Property of a deceased's estate,1939 Brough Superior 982cc SS100 Frame no. M1/2129 Engine no. BS/X2 1013
Lot 314
Property of a deceased's estate,1939 Brough Superior 982cc SS100
Registration no. WVS 276 Frame no. M1/2129 Engine no. BS/X2 1013
Sold for £133,100 (US$ 172,218) inc. premium

Lot Details
Property of a deceased's estate,1939 Brough Superior 982cc SS100 Frame no. M1/2129 Engine no. BS/X2 1013 Property of a deceased's estate,1939 Brough Superior 982cc SS100 Frame no. M1/2129 Engine no. BS/X2 1013 Property of a deceased's estate,1939 Brough Superior 982cc SS100 Frame no. M1/2129 Engine no. BS/X2 1013
Property of a deceased's estate
1939 Brough Superior 982cc SS100
Registration no. WVS 276
Frame no. M1/2129
Engine no. BS/X2 1013
• Despatched new to South America
• Restored in the 1990s
• 10,196 miles since restoration

Legendary superbike of motorcycling's between-the-wars 'Golden Age,' Brough Superior - 'The Rolls-Royce of Motorcycles' - was synonymous with high performance, engineering excellence and quality of finish. That such a formidable reputation was forged by a motorcycle constructed almost entirely from bought-in components says much for the publicity skills of George Brough. But if ever a machine was more than the sum of its parts, it was the Brough Superior.

W E Brough's machines had been innovative and well engineered, and his son's continued the family tradition but with an added ingredient - style. The very first Brough Superior MkI of 1919 featured a saddle tank - an innovation not adopted by the rest of the British industry until 1928 - and the latter's broad-nosed, wedge-profiled outline would be a hallmark of the Nottingham-built machines from then on. Always the perfectionist, Brough bought only the best available components for his bikes, reasoning that if the product was right, a lofty price tag would be no handicap. And in the 'Roaring Twenties' there were sufficient wealthy connoisseurs around to prove him right.

Introduced in 1922, the JAP-powered SS80 achieved instant fame when a racing version ridden by George became the first sidevalve-engined machine to lap Brooklands at over 100mph. With the new SS80's performance threatening to put the overhead-valve MkI in the shade, it was decided to completely re-design the latter. The result was the legendary SS100. First shown to the public in 1924, the SS100 employed an entirely new 980cc JAP v-twin engine. A frame of duplex cradle type was devised for the newcomer, which soon after its launch became available with the distinctive, Harley-Davidson-influenced, Castle front fork patented by George Brough and Harold 'Oily' Karslake. And just in case prospective customers had any doubts about the SS100's performance, each machine came with a written guarantee that it had been timed at over 100mph for a quarter of a mile - a staggering achievement at a time when very few road vehicles of any sort were capable of reaching three-figure speeds.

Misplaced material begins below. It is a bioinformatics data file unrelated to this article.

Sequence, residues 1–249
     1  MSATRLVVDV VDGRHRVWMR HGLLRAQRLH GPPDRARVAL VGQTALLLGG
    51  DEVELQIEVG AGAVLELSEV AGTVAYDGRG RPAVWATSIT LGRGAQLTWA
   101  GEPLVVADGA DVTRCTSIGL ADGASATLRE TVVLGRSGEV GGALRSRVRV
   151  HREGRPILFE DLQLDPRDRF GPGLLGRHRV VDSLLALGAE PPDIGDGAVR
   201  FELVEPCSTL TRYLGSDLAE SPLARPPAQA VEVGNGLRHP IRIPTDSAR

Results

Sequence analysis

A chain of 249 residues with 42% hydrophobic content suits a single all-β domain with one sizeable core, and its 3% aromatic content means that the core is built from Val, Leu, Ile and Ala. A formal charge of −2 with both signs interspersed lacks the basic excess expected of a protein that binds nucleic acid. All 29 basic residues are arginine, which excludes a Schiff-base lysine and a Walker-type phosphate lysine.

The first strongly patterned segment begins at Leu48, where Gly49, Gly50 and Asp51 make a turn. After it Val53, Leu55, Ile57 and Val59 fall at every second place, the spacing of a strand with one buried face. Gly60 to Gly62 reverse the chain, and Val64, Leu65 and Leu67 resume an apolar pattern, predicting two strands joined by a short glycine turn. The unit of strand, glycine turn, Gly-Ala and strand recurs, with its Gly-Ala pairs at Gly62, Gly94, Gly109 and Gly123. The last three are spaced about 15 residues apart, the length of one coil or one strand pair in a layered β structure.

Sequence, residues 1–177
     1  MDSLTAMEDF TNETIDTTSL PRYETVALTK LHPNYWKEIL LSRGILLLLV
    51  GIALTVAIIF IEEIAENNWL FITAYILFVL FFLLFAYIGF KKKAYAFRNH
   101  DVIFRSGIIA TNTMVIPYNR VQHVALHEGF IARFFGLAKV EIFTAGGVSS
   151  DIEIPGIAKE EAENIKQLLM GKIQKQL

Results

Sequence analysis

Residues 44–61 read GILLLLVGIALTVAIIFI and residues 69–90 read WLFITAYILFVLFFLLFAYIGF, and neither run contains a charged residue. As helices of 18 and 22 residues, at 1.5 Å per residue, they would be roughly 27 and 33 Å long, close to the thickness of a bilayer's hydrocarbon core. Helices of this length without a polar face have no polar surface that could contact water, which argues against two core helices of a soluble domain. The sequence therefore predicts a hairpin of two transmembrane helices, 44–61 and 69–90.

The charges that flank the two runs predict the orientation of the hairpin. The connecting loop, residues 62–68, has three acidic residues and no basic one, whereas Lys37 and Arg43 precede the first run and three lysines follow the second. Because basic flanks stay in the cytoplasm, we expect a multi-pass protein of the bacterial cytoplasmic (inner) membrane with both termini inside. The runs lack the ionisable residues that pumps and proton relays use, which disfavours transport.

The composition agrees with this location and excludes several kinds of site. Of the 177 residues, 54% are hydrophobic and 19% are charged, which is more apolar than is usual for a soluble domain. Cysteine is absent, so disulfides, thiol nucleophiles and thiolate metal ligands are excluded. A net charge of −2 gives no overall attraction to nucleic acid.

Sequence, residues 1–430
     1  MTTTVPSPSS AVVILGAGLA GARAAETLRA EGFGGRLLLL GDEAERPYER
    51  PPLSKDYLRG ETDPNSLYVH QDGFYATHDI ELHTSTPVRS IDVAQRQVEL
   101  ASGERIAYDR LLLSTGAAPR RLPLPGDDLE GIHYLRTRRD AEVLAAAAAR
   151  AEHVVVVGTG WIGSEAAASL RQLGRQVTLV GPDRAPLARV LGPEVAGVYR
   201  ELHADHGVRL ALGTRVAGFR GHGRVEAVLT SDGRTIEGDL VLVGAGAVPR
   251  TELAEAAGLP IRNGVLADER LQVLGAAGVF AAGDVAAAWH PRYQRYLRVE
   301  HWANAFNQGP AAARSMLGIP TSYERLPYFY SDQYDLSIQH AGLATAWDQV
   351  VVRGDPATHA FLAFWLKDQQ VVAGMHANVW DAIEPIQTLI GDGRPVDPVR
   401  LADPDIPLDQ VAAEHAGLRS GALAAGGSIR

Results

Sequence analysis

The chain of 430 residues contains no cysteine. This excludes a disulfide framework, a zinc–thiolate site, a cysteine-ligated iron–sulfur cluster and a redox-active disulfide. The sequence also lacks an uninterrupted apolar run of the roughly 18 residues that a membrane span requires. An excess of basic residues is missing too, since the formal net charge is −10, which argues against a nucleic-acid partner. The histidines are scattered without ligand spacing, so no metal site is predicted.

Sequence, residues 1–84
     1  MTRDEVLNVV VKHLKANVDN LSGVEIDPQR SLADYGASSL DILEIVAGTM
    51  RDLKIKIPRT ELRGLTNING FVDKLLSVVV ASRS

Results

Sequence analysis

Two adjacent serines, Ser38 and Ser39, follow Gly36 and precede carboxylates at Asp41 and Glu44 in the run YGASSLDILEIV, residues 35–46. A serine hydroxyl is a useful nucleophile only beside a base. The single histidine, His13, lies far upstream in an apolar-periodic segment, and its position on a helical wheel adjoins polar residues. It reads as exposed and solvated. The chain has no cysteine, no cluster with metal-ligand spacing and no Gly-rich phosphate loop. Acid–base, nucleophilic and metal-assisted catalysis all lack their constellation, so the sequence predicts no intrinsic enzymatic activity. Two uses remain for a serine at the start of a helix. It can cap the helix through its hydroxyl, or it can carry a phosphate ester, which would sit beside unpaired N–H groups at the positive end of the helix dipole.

Brough entered the 1930s with an entirely JAP-powered range and then, after a brief absence, the SS80 reappeared in 1935 as the SS80 Special, this time with an engine built by Associated Motor Cycles. The following year the SS100 adopted an overhead-valve version of the AMC power unit, and the two models continued to use the Plumstead-made engines until production ceased in 1939.

Brough Superior Club records show that this particular SS100, frame number 'M1/2129', was one of a batch of 26 supplied new to South America via forwarding agents Agar, Cross & Co, many of which were destined for use in Argentina by the Buenos Aires Police. In more recent times, the frame and engine ('BS/X2 1013', originally in frame 'M1/1725') formed part of a quantity of Brough components purchased in Argentina by a German businessman, from whom they were acquired in August 1990 by the late owner. The latter was an accomplished engineer (having served his apprenticeship at De Havilland Aircraft) and set about making, buying, and swapping parts in order to complete the Brough's reconstruction. He had a replica show-model tank made, and installed twin brake drums at the front to improve stopping power. A Karslake stand was fitted for ease of use. Completed in 1994, the Brough looked superb and performed well, winning many concours trophies including the 'Best SS100' award at the Brough Club annual gathering; it is a fitting testament to the late owner's engineering skills, and he was proud to ride and show the machine.

Accompanying documentation consists of Brough Club correspondence, a V5C registration document, and an almost complete run (one missing) of MoT certificates showing the mileage increasing from zero in 1994 to 10,054 in May 2012 when the last one was issued.
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